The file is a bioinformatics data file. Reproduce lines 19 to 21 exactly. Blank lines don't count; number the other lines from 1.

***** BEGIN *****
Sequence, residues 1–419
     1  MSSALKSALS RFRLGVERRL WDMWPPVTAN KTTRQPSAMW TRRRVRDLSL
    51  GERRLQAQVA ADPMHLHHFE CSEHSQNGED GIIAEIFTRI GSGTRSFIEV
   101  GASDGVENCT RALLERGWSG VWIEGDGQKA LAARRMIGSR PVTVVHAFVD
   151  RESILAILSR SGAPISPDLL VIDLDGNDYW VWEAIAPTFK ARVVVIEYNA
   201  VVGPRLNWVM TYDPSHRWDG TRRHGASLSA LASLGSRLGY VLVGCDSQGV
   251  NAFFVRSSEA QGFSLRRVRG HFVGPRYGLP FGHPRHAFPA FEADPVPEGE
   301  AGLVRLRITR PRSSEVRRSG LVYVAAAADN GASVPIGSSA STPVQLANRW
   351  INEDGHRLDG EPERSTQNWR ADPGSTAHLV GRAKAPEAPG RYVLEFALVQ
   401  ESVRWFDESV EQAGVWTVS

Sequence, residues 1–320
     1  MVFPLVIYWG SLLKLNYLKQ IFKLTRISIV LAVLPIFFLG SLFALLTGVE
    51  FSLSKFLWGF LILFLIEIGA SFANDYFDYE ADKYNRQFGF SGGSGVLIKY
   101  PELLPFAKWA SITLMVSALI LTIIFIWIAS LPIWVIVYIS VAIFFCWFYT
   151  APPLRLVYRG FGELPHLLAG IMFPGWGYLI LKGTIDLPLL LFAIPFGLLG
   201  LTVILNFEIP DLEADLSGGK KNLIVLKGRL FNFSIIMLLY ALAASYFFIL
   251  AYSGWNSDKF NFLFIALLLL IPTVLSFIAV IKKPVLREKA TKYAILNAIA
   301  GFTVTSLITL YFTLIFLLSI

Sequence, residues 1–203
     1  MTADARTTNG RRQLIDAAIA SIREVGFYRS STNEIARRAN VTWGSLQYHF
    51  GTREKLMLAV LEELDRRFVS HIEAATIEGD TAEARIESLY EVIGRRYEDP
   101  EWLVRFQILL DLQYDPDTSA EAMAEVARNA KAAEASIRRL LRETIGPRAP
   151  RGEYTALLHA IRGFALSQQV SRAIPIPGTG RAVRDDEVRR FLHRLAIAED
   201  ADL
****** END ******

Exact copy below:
Sequence, residues 1–203
     1  MTADARTTNG RRQLIDAAIA SIREVGFYRS STNEIARRAN VTWGSLQYHF
    51  GTREKLMLAV LEELDRRFVS HIEAATIEGD TAEARIESLY EVIGRRYEDP